Clerkin also found family in Pi Kappa Alpha (PIKE), the fraternity he was part of during his time at Gannon.

“We became brothers; we chose to be brothers,” Clerkin said.

“I’m very proud of my fraternity. I’m very proud of who they are now.”

Clerkin said that the PIKEs were incredibly accepting, and they formed bonds that still last to this day.

“I liked the fact that in PIKE, no one cared what my major was,” Clerkin said.

“I walked in the doors and that’s not what we talked about. We talked about what it was like to be in relationships with others.”

Another person who influenced Clerkin was Bill Doan, Ph.D., a former member of the theater program at Gannon. Clerkin loved him as a director and teacher, and Doan’s playful attitude resonated with Clerkin.

“He was a little irreverent, which kind of fit me too,” Clerkin said.

“It was really important to do something and do it right and commit to it. Don’t do something halfway when you can do it full-on.”

Doan also guided Clerkin toward graduate studies and encouraged him to think outside the box.

“He wanted to make sure we all had opportunities to be better teachers,” Clerkin said.

Clerkin was also heavily influenced by Phil Kelly, a prominent leader at Gannon who was loved dearly by the university.

“He was really excellent at leadership and facilitating the work of others,” Clerkin said of Kelly, a retired English professor who held a doctorate in education and served in numerous capacities during his time at Gannon.

“When you’ve been here for a long time, you have two choices. You can either be the bumbling old professor that people laugh and giggle at when they walk out of the room, or you can become Yoda, the wisest person in the room. Phil Kelly was Yoda.”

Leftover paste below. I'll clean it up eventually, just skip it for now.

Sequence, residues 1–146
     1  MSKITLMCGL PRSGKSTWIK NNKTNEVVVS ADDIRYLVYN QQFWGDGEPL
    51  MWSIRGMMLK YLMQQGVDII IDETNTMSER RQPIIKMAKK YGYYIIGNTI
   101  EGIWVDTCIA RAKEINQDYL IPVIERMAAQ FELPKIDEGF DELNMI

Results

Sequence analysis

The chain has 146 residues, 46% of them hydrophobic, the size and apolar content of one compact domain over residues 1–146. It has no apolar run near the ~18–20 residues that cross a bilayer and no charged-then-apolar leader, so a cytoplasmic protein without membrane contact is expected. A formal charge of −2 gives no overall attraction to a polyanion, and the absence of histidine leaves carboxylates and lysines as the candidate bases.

Because of these influences, leadership is one of Clerkin’s greatest passions.

“That’s something that’s important to me: to continue to facilitate good work and good opportunities for other people,” Clerkin said.

One way that Clerkin executes leadership is through performing.

“I think the university recognizes that a performance that I will do is my publication — that’s how I share my expertise,” Clerkin said.

“More people will see a performance that I will give than will ever sit in a conference to read a paper or an article I write in a journal. I really like that the university has affirmed those kinds of experiences.”

Mary Carol Gensheimer, co-director of the School of Communication and the Arts, said that not only is Clerkin multifaceted, but she also described him as warm, funny and affable. Clerkin was Gensheimer’s work study during his time at Gannon, and now works alongside her in the School of Communication and the Arts.

“He was always a theater, video and audio kind of guy,” Gensheimer said.

Gensheimer also described Clerkin’s leadership style as more personal, rather than formal.

“He is conversational,” Gensheimer said. “He is in constant communication — he does it all the time. It’s part of his DNA.”

Clerkin is also passionate about displaying leadership through teaching.

“I always felt very confident as a teacher — I really love teaching,” Clerkin said. “I don’t know that I’m a difficult teacher, but I hope that years from now students will remember the things I’ve said.”